Atmospheric Neutrino Physics with JUNO

Oct 17, 2020, 9:25 AM
25m
Online

Online

Oral report Section 5. Neutrino physics and astrophysics. Section 5. Neutrino physics and astrophysics

Speaker

Giulio Settanta (Forschungszentrum Jülich GmbH, Nuclear Physics Institute IKP-2)

Description

The atmospheric neutrino flux represents a continuous source that can be exploited to infer properties about Cosmic Rays and neutrino oscillation physics.The JUNO observatory, a 20 kt liquid scintillator currently under construction in China, will be able to detect the atmospheric flux, given the large fiducial volume and the excellent energy resolution. The light produced in neutrino interactions will be collected by a double-system of photosensors: 18.000 x 20"PMTs and 25.000 x 3" PMTs. The rock overburden above the experimental hall is around 700 m and the experiment is expected to complete construction in 2021.
In this work, potential JUNO measurements in the field of atmospheric neutrinos are evaluated. A sample of Monte Carlo events has been generated from theoretical models of the atmospheric neutrino flux, through the Genie software. To evaluate the JUNO performances, the events have been processed by a full Geant4-based simulation, which propagates all the particles and the light inside the detector. The different time evolution of light on the PMTs allows to discriminate the flavor of the primary neutrinos. To reconstruct the time pat-tern of events, the signals from 3" PMTs only have been used, because of the small time resolution. A probabilistic unfolding method has been used, in order to infer the primary neutrino energy spectrum by looking at the detector out-put. JUNO will be particularly sensitive in the energy range (100-1000) MeV, where neutrino-induced events can be fully contained within the instrumented volume. The energy region is particularly interesting, for several reasons: first,the flavor oscillation effects due to the large neutrino mass-splitting are maximized; then, the region covers an area of interest for other studies too, like the search for nucleon decay and relic supernovae neutrinos.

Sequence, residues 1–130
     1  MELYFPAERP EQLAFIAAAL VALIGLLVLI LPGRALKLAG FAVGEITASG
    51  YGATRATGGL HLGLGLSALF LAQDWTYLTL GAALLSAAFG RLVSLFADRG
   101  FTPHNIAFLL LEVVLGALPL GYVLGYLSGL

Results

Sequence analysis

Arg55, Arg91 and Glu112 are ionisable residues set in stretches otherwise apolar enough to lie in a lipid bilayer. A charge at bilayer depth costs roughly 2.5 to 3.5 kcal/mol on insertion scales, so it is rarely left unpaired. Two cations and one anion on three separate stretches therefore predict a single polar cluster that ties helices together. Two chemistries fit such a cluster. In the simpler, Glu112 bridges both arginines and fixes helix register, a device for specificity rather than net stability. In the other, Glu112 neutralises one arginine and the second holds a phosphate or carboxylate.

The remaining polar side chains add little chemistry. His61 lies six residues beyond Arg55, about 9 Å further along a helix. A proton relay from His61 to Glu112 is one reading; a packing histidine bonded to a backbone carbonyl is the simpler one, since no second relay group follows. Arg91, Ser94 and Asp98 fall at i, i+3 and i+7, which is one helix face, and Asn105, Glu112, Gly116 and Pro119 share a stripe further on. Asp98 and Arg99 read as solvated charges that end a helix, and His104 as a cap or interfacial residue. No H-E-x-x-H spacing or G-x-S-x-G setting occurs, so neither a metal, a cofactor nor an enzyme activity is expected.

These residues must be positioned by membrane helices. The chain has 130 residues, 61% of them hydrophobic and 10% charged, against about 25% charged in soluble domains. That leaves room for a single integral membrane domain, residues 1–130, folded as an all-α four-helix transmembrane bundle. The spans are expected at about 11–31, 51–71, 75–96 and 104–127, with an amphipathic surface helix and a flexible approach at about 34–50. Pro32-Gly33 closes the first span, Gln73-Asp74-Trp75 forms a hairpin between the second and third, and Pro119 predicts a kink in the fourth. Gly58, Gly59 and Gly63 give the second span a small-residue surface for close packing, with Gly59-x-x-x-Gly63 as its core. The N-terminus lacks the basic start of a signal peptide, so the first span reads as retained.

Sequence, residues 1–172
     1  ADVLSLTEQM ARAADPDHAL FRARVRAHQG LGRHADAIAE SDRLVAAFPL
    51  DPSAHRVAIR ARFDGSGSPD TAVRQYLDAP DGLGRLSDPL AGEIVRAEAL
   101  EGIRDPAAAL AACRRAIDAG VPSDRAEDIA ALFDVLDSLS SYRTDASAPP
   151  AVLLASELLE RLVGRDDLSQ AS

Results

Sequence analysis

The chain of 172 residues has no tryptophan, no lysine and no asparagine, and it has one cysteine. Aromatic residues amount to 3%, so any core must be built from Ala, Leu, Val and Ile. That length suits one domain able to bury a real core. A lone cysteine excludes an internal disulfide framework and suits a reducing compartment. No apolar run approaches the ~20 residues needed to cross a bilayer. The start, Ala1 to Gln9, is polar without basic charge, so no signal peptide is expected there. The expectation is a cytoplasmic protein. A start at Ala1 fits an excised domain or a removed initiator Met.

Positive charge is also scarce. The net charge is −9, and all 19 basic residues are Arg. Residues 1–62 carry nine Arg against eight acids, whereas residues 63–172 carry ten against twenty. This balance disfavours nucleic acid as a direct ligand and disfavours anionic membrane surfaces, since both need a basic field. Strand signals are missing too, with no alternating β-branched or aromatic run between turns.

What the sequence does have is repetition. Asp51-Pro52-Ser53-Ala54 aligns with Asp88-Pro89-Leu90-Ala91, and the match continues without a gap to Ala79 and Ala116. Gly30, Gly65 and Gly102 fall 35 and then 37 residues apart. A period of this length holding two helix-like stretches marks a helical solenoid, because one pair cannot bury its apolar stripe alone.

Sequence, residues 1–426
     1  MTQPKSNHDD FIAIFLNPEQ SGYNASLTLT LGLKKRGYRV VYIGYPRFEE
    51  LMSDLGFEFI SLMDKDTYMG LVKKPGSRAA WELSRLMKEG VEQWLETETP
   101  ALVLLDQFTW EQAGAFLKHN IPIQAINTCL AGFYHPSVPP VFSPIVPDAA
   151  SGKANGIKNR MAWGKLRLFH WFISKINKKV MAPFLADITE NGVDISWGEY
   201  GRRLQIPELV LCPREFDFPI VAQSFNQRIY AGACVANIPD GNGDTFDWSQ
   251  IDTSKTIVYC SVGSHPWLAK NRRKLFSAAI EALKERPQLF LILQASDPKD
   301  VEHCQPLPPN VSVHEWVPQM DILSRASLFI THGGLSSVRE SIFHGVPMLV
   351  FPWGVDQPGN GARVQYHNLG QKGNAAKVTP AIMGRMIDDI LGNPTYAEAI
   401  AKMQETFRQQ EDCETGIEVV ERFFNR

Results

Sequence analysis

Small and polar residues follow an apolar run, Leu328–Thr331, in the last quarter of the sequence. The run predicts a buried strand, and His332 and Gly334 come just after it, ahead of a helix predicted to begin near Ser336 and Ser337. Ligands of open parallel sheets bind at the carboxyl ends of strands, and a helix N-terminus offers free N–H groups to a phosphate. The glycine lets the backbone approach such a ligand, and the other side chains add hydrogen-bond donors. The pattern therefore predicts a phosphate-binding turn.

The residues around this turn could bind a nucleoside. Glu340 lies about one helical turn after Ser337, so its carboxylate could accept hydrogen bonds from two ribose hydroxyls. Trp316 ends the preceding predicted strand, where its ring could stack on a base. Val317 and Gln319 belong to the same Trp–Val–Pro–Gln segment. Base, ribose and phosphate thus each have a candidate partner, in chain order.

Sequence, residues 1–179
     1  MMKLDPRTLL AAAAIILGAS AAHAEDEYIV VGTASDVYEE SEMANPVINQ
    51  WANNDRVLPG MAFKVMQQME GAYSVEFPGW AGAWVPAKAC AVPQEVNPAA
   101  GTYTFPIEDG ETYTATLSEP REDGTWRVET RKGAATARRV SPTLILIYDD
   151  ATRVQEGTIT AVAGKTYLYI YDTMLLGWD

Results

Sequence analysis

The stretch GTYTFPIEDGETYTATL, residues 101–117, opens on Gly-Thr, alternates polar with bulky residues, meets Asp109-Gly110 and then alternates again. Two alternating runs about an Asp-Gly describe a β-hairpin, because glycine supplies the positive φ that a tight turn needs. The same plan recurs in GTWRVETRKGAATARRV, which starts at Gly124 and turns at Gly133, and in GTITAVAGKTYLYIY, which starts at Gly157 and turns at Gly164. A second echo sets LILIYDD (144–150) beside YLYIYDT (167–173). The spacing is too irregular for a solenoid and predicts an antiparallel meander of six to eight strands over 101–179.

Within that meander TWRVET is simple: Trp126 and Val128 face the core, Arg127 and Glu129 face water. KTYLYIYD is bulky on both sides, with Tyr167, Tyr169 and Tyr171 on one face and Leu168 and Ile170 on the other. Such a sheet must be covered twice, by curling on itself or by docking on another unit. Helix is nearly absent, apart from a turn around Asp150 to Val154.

Primary author

Giulio Settanta (Forschungszentrum Jülich GmbH, Nuclear Physics Institute IKP-2)

Presentation materials